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Proposal would give public school students free tuition at University of Akron

7:36 AM, Feb 9, 2012   |    comments
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AKRON -- Get good grades, go to college for free. That's the message to students in the Akron Public Schools after district leaders joined University of Akron leaders with a bold new proposal made Wednesday to the Ohio State House.

"This is an innovative way to launch our new Innovation Generation Scholarship," said Dr. Luis M. Proenza, president of The University of Akron, in a prepared statement. "Through this scholarship, we will offer Akron Public School students who have worked hard and performed well in school full tuition to the University."

APS graduates would be eligible for full tuition scholarships if they:

  • Have a 3.0 high school GPA and score a 27 on the ACT
  • Rank in the 10% of their high school class and score a 26 on the ACT
  • Have a 3.5 high school GPA and score a 24 on the ACT

Proenza and Akron Public Schools Superintendent David James appeared together Wednesday before the House Education Committee to ask for support for House Bill 381.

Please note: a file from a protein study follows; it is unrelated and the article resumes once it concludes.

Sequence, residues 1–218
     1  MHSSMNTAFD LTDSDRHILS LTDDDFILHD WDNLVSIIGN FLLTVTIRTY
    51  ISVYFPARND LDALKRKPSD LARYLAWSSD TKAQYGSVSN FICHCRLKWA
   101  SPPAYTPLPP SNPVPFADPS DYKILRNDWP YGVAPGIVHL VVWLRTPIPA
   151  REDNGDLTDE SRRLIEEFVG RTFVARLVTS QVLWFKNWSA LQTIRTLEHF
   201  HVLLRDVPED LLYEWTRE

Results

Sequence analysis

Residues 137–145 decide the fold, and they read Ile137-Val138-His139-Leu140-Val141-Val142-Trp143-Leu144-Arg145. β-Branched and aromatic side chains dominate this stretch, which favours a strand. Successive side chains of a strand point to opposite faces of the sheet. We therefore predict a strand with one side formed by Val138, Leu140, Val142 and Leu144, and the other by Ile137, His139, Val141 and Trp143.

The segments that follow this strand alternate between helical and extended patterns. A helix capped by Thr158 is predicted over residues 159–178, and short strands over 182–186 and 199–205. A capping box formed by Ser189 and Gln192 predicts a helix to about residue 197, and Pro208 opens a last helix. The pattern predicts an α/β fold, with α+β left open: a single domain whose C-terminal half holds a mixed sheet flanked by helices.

Dubbed the "Innovation Generation Scholarship", the proposal has the potential to bring additional families into Akron to attend the public school district, which has seen enrollment drop in recent years. It also provides an opportunity for inner-city students to attend school full-time rather than part-time to meet the economic demands of tuition, university leaders said.

The scholarship would cover four years of tuition, which is currently about $9,300 per year.

Under the proposed legislation, the plan would require a public school district that is selling a building to offer that property first to a state university. The university could accept the offer and, in exchange, provide the school district with scholarships.

The new legislation would apply directly to Central-Hower High School, which is located next to the campus. The high school was closed several years ago and turned into swing space. The district has considered selling the building off-and-on for several years. Under this new proposal, the University of Akron takes over the building, which will continue to operate as a new STEM High School for APS students.


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